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Menendez judge has history of tough corruption sentences

Sen. Robert Menendez faces a lengthy prison sentence if he is convicted of all 12 counts against him for allegedly doing government favors for Florida eye doctor Salomon Melgen. Source: Getty.

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The judge overseeing U.S. Sen. Robert Menendez’s trial on federal corruption charges has made it a personal crusade to impose harsh sentences on officials who are found guilty of violating the public trust.

“We, the people of the United States, are sick and tired of political and public officials being on the take,” said Judge William Walls in 2015, when he imposed a 70-month sentence on a Union County official who admitted stealing about $120,000 from the county.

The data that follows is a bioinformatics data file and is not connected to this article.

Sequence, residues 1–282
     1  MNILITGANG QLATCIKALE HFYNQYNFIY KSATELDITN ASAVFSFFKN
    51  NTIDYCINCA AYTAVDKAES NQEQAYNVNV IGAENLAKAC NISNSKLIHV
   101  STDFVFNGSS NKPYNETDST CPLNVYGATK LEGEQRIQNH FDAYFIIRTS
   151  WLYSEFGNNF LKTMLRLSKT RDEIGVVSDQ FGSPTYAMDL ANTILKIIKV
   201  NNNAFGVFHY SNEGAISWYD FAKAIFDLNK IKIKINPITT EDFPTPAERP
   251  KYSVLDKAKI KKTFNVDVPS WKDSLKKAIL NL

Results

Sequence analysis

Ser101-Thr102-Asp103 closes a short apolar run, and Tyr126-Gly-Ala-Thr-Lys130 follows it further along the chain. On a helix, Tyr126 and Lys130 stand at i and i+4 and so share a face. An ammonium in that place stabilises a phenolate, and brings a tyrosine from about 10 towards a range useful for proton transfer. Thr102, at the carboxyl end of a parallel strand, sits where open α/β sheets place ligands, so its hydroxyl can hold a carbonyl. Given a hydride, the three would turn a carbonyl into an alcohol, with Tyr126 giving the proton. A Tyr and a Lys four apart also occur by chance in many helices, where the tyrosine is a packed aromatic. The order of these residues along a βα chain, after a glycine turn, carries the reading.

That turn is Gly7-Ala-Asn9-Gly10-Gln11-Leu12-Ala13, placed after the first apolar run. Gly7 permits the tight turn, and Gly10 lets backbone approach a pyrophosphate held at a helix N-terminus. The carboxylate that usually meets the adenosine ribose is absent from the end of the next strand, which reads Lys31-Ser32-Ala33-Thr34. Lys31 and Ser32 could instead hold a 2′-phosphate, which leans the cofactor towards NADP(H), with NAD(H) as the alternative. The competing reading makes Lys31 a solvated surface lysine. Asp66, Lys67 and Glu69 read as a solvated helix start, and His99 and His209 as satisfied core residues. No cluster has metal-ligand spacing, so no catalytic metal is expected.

Menendez faces a lengthy prison sentence if he is convicted of all 12 counts against him for allegedly doing government favors for Florida eye doctor Salomon Melgen in exchange for lavish vacations, private jet flights and campaign cash.

Walls, 84, who sits in Newark, will preside over the jury trial in federal court, which threatens to end Menendez’s long political career, and could hand Republicans another vote in the U.S. Senate.

Walls was appointed to the federal bench by President Bill Clinton in 1994, after a long career in the state judiciary and in Newark government. He rose from a poor family in Atlantic City, where he was raised by his father and grandfather after Walls’ mother left when he was two years old, according to the late Sen. Frank Lautenberg’s testimony at Walls’ confirmation hearing.